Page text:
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Funny how some of those things seem to pass on from one generation to the next... nature vs nurture.


Jan
 

Marty

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I have some that are super bad about having their ears clipped. I do use a twitch if all else fails first. Its fast and over before they know it. I also use mustache clippers that fit perfectly inside the ear, cut closely and are a lot more quiet than anything else.
 

Renolizzie

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This is an interesting thread. Wiseguy hates having his ears touched. I have been working with him. He still doesn't like it. I'm going to try the massage behind the ear:) Couldn't hurt.

I don't clip him but I have thought about getting out the dog clippers just to get him used to the idea. He sheds nicely and I don't show him.
 

Sandee

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Lots of work with him in all areas not just the stall ( sounds like you are). Obstacles can help with developing the horse's reliance on you for leadership. If you can get his trust, you've got him for life. I like the idea of the ear massage although I've never run into this problem myself. I've been ?lucky enough to be able to touch the ears on all my guys. The ones that were a bit sensitive have gotten over it with multiple clippings over the years. I also use small clippers for the ears (Wahl Pocket Pro).

If he's only a yearling, he won't be ready to even start driving until 2 1/2 or 3 yr old. You can't show him driving until his third year.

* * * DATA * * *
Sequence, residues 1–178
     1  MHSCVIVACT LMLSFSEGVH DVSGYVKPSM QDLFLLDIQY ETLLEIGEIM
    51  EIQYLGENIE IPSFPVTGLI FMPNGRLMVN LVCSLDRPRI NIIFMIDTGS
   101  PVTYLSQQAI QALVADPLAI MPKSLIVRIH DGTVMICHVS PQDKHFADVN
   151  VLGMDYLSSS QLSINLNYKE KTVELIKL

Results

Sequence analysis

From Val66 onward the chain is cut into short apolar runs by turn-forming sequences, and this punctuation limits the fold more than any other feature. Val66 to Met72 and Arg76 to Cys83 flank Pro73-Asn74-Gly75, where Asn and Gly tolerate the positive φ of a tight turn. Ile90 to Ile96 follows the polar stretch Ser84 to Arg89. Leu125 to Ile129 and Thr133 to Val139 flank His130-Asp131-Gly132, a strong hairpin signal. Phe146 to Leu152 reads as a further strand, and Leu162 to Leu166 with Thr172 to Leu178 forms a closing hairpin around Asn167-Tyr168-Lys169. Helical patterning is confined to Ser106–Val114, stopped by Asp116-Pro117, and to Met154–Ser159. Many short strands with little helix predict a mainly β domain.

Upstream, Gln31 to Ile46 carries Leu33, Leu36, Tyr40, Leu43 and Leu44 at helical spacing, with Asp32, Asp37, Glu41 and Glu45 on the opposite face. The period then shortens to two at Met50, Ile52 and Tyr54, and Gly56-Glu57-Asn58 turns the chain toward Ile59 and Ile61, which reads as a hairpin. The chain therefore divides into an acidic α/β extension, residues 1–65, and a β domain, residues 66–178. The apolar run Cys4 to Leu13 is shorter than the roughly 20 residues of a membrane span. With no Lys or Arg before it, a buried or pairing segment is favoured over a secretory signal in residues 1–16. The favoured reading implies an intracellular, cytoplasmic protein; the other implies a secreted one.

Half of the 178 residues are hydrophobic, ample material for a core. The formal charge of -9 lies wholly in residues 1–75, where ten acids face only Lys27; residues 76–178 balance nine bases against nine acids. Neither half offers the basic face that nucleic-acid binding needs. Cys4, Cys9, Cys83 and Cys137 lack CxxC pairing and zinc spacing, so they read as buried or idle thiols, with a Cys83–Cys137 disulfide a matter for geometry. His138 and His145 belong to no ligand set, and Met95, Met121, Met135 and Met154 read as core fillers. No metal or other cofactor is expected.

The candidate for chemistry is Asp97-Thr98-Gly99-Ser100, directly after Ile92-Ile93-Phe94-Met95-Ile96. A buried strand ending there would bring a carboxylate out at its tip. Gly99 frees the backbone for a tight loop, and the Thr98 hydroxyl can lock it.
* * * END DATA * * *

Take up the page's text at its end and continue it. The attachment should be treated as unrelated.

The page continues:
Just be patient and persistant when you work with him. Good luck.

Oh, and my opinion, on showing. If you want to show him this year, start slowly trying to clip or trim the ears and go show. I love showing!
 

KLM

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Hi Everyone!

First I want to thank everyone for their advise. I LOVE this forum because I know the answers are here... or will be here soon.

A revelation came up and we found out Biggie is completely deaf in his left ear and partially deaf in his right. (Sadly I wish he was completely deaf as I think life would be so much easier for him to not hear the occasional scary sound)

I managed to get the outside of his ears clipped and took him to a schooling show this weekend for exposure. He was a trooper. Acted like he had been doing it his whole life. He LOVED it! Wierd, but true. He spooked a couple of times but for the most part he was just curious about everything going on around him.

I changed my way of handling him, making sure he see's me give him a cue and not relying on him hearing the command. What a difference!

Now that I am armed with knowledge, I will continue his training. He loves doing obstacle courses and I believe I will just forgoe showing him as a halter horse and show him performance and driving instead. I dont NEED to clip the insides of his ears for performance, and I know I can clip the outside and trim the front with a lot of patience.

Thank you again everyone!
:)
 

targetsmom

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Please share how the hearing test was done to find out about his deafness/partial deafness. That could still be an issue with his relatives that we own.